Imaginary Animals: The Monstrous, the Wondrous and the Human by Boria Sax
GR 825 .S288 2013
“Fire-breathing dragons, seductive mermaids, majestic unicorns, three-headed dogs – fantastic creatures have long excited our imaginations. Medieval authors placed them in the borders of manuscripts as markers of the boundaries of our understanding. These fabulous beasts, as recounted in tales from around the world, inhabit marginal locations: deserts, deep woods, remote islands, glaciers, swamps, caves, the depths of the ocean and alternate universes. Legends tell us that imaginary animals belong to a primordial time, before we encompassed the world in names, categories and elaborate conceptual frameworks. According to the apocalyptic visions in the Bible, they will also proliferate as we approach the end of time, with horses that breathe fire, dragons and serpents signalling the impending destruction of the world.
This book shows how, despite their liminal role, griffins, dog-men, mermaids, dragons, unicorns, yetis and many other imaginary creatures are socially constructed through the same complex play of sensuality and imagination as ‘real’ ones. It traces the history of imaginary animals from Palaeolithic art to the Harry Potter stories and robotic pets. These beasts help us psychologically by giving form to our amorphous fears as ‘monsters,’ as well as embodying our hopes as ‘wonders.’ Yet their greatest service may be to continually challenge our imaginations, directing us beyond the limitations of our conventional beliefs and expectations.” – publisher description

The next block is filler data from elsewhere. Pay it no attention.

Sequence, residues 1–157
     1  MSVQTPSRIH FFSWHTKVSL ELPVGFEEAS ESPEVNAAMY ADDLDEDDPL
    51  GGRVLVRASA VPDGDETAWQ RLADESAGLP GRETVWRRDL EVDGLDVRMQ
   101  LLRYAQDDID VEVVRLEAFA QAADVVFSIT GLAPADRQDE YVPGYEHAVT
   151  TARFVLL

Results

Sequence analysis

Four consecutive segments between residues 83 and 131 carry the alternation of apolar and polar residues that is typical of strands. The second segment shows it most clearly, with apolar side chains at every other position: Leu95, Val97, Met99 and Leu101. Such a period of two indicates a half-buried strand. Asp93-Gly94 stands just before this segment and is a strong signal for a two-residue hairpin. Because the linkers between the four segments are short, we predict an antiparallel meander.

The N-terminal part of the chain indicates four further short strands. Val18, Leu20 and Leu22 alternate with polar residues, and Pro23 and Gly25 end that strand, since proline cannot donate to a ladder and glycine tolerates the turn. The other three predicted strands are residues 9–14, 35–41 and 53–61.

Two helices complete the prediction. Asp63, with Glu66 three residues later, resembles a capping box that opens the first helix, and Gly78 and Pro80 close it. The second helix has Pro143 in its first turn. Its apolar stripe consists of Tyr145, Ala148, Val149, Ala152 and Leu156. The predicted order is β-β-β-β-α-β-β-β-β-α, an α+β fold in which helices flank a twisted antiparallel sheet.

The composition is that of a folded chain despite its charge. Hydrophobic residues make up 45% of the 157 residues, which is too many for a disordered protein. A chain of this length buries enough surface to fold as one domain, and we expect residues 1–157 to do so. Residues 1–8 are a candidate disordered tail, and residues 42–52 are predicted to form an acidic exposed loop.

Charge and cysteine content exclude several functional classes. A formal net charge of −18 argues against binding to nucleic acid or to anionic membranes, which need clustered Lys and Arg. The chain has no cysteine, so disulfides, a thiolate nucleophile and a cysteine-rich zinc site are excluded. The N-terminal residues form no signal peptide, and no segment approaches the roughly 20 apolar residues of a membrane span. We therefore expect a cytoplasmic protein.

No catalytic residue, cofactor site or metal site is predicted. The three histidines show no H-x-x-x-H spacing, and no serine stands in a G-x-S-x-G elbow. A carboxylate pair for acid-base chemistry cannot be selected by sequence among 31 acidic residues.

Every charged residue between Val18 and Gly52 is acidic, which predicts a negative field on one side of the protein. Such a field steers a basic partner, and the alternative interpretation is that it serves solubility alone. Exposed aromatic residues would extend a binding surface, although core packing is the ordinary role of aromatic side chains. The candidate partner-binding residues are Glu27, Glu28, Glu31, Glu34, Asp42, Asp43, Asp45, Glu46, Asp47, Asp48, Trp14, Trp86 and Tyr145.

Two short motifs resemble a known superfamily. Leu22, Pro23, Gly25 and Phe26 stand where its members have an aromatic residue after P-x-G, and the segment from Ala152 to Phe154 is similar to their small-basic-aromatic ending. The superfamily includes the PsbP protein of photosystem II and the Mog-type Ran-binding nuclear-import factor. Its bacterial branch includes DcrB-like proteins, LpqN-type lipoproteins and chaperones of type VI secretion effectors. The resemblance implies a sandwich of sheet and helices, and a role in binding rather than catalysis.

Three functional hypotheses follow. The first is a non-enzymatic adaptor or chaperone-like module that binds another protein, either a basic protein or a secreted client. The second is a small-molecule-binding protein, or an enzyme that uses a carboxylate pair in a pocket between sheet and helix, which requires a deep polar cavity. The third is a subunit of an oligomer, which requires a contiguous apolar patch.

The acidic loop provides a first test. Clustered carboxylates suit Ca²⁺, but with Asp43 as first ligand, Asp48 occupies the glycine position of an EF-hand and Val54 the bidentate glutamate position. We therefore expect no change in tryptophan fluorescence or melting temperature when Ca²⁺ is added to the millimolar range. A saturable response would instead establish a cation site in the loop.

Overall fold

Oh My Gods: A Modern Retelling of Greek and Roman Myths by Philip Freeman
BL 782 .F73 2012
“The Greek and Roman myths have never died out; in fact they are as relevant today as ever. For thousands of years these myths have inspired plays, operas, paintings, movies, and television programs. They are fascinating tales that tell us about ourselves – about our hopes, fears, and desires, which are as ancient as mankind. Many of these myths are deeply disturbing; others are sublimely beautiful. All of them move us still, as they did the Greeks and Romans hundreds of generations ago.
Oh My Gods is a retelling of some of the most popular myths by a gifted scholar and writer. These tales of errant gods, fantastic creatures, and human heroes are brought to life in fresh and contemporary versions.
Have there ever been stories to rival the myths about the creation of the universe and the wars among the earliest gods? Or about the Olympian gods themselves: powerful Zeus, king of the gods, possessed of a wandering eye; his wife, Hera, queen of marriage and childbirth, perpetually outraged by her husband’s many affairs; Poseidon, god of the sea, brother of Zeus; their other brother, Hades, god of the underworld; and all the other gods and goddesses – talented Apollo, beautiful Aphrodite, fierce Athena, swift Hermes, and many more. And the dauntless heroes Theseus and Hercules, the doomed lovers Hero and Leander or Orpheus and Eurydice, whose stories can still break our hearts. From the astonishing tales of the Argonauts to the immortal narrative of the Battle of Troy, these ancient myths have inspired writers from Shakespeare to J. K. Rowling.
Philip Freeman’s vibrant, contemporary retelling makes us appreciate a gain why these wonderful tales have lasted thousands of years and charmed young and old readers alike.” – publisher description